Oh, and there were still lovely organic cauliflowers, home baked bread and farmhouse cheeses for sale, as usual.

Friday 6 May 2011

A Dog and a Rope

About the only real photo-worthy action seen down on the local beach today was our own mutt.

She was running round and round in circles and thrashing a little bit of rope around as if grappling with a live snake. Who would have thought that this would give her so much enjoyment.

So, for once she was the subject of my photograph rather than getting in the way of my photographic subject.

Thursday 5 May 2011

A Touch of Sun (not)

In Ireland, these roadside shrines are always beautifully maintained and this one, which I pass regularly, has been treated to a winter boost. I have to admit to carelessly switching my attention from the road to the subjects of this makeover, whilst driving by recently.

Recalling a recent matter of a supporting lady and an alleged fake tan. Here's one supporting lady where sadly, the colour used out of the tin was clearly a touch too...

Wednesday 4 May 2011

Caution, Little People at Work

Four of the seven new
pebble columns

On Monday I posted a picture of an amazing beach sculpture. On Tuesday I flippantly wondered if this new sculptural beacon would gain a nick name. Today, I am going to name it Snow White. Why? Well literally overnight, seven new small pebble columns appeared adjacent to the impressive main column. The name therefore seemed only natural.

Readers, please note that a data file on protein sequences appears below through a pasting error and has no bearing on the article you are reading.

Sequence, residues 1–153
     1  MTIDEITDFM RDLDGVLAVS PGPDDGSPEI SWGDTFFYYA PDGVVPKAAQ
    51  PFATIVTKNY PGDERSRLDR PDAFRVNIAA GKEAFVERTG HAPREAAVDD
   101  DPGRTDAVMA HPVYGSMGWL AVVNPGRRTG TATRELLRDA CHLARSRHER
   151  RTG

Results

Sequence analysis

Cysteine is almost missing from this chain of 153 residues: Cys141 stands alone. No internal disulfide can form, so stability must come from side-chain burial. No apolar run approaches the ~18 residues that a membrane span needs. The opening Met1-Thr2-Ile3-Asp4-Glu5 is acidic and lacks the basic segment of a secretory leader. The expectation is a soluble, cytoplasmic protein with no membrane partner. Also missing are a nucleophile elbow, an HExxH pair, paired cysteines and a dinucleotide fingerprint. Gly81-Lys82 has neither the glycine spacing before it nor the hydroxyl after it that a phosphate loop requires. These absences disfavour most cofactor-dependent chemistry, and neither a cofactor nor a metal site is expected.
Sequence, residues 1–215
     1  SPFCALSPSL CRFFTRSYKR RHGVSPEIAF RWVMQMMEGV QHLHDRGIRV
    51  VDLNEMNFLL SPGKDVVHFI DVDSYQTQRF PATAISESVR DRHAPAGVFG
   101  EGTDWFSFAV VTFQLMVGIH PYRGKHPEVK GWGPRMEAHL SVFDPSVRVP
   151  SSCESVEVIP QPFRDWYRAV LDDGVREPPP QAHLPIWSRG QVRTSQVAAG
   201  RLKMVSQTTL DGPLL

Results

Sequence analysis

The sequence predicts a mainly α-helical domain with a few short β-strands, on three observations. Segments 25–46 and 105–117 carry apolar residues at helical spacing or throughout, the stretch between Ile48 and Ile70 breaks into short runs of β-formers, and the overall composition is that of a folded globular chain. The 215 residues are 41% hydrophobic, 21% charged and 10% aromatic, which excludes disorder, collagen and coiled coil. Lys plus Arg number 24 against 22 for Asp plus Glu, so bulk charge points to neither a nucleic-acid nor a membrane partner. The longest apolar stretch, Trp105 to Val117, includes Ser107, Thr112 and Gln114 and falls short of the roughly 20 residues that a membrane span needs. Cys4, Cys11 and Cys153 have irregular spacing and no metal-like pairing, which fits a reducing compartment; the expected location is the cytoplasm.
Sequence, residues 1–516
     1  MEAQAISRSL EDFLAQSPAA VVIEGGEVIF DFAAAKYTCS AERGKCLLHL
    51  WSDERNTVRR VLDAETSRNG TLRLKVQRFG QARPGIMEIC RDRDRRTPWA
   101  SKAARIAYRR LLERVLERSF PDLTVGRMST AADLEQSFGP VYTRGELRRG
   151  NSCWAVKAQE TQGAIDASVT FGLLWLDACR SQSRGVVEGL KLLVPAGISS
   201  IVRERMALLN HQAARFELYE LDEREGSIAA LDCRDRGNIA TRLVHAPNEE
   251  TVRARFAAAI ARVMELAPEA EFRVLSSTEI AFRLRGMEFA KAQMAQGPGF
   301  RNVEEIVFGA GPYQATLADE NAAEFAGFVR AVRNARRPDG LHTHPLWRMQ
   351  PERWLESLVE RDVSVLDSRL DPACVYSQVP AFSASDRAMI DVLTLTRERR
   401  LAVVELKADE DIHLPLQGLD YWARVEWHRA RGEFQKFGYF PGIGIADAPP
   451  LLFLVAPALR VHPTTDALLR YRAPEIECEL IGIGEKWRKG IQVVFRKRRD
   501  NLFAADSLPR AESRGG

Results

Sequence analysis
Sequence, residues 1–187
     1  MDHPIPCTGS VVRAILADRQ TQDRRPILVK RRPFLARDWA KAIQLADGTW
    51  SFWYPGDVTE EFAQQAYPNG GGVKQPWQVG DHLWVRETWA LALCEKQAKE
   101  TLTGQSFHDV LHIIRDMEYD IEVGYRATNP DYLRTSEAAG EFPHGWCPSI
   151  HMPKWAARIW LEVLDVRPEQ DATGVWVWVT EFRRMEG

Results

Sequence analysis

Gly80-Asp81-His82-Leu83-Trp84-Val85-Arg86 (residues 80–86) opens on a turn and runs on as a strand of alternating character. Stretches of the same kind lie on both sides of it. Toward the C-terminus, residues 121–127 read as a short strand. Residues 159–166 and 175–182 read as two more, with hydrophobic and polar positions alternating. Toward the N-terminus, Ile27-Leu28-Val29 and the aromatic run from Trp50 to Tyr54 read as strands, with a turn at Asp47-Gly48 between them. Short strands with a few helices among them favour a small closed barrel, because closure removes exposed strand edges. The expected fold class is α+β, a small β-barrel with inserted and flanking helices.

These single columns of pebbles are also pleasing as a scultural form but despite asking around my neighbours, no one seems to know who is responsible.

 The only conclusion I can draw is that it appears the 'little people' have been at work!

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Tuesday 3 May 2011

Baltimore Beacon

Our new sculptural beacon, whilst impressive in its construction from beach pebbles, is not quite on the grand scale of Baltimore Beacon.

This white-painted stone beacon is found at the entrance to the harbour at Baltimore in West Cork. It was built following the 1798 Rebellion and forms part of a series of lighthouses and beacons dotted around the Irish coast.

The locals call it Lot's Wife, after the biblical story of the woman turned into a pillar of salt. I wonder if our beacon will assume a nickname?

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Monday 2 May 2011

Artist Unknown

This amazing sculpture has recently appeared on my local beach and it is my aim to find out who the artist is.

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Sunday 1 May 2011

West Cork Countryside

Following the earlier image of the English Countryside, this one by comparison, takes us far west, to Ireland. Sadly, on this overcast and rather breezy May Day, the vibrancy of a different yellow blanket that smothers many of the hillsides here, is somewhat dull.

Gorse, unlike the valuable rape, is in flower for many weeks, and is considered a problem, to the extent where whole hillsides will often be seen on fire, in an attempt to control this prickly problem.

Now that the cold East wind has brought some much-needed rain, I won't be able to enjoy the one lovely thing that the sun encourages from these rich egg-yellow flowers - the scent. If you haven't experienced it, then take yourself to the nearest patch of gorse on a sunny day and immerse yourself in the wonderful coconut-like aroma. Far, far more pleasant than the indescribable smell from the rape fields.